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Research Article Open Access
Background: Phase III trials can fail, leading to termination of drug development. This can result from heterogeneous subpopulations such as a drug-sensitive and a drug-insensitive subpopulation of patients or biological subtypes.
Methods: Traditional phase II methods do not detect heterogeneity of subpopulations. We proposed a new adaptive design for phase II trials, adapted from Simon’s “Minimax” design, where heterogeneity between two subpopulations could be highlighted.
Results: Drug inefficacy in one or two subpopulations could be determined at stage one and two and drug efficacy at stage two. Single Simon design and two independent Simon designs were compared to the adaptive design using calculated type I and II errors, expected and maximum sample size, and the probability of detecting drug-insensitive subpopulations. For the adaptive design, the type I and II errors calculated were similar to those of a single Simon design, sample size was smaller than with the two independent Simon designs (between 25 and 40% fewer patients) and the probability of detecting drug-insensitive subpopulations remained at 40%. An example with real data is presented.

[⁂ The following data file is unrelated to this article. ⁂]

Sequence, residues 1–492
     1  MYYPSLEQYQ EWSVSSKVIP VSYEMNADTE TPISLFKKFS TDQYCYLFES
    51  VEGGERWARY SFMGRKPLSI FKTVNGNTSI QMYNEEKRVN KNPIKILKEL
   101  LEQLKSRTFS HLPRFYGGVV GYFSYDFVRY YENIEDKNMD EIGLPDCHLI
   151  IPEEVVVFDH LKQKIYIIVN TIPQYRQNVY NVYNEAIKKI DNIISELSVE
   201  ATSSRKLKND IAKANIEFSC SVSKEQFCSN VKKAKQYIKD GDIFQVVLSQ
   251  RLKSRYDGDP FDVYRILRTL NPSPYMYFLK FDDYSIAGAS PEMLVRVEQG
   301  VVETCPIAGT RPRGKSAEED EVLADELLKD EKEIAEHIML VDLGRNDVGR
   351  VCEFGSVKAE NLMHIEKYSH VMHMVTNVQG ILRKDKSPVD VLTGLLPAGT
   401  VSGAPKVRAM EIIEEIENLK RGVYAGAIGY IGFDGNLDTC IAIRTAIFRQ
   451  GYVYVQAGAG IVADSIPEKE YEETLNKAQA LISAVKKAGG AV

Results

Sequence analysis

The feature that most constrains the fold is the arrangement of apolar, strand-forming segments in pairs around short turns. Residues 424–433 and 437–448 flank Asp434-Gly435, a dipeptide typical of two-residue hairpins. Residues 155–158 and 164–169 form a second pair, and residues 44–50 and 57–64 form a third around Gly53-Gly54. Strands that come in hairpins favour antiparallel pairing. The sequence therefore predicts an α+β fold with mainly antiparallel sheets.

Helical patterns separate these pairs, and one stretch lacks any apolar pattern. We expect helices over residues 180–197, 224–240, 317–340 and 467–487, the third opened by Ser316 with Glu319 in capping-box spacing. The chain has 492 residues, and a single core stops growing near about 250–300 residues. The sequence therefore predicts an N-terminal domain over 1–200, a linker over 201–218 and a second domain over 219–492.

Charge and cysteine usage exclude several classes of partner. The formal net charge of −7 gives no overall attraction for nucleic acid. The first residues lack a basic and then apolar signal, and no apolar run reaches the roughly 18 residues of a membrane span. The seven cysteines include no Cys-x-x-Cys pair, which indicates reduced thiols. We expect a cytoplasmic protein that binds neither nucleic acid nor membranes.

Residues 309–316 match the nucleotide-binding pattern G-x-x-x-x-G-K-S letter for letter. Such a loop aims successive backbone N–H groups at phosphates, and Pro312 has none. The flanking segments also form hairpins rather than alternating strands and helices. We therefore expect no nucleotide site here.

Conclusion. In the event of different subpopulations of patients or biological subtypes, our adaptive design can help select the drug sensitive subpopulation in one single trial.
Clinical trials, Phase II trials, Simonâs two-stage design, Target subpopulation, Clinical trials, Phase II trials, Simon?s two-stage design, Target subpopulation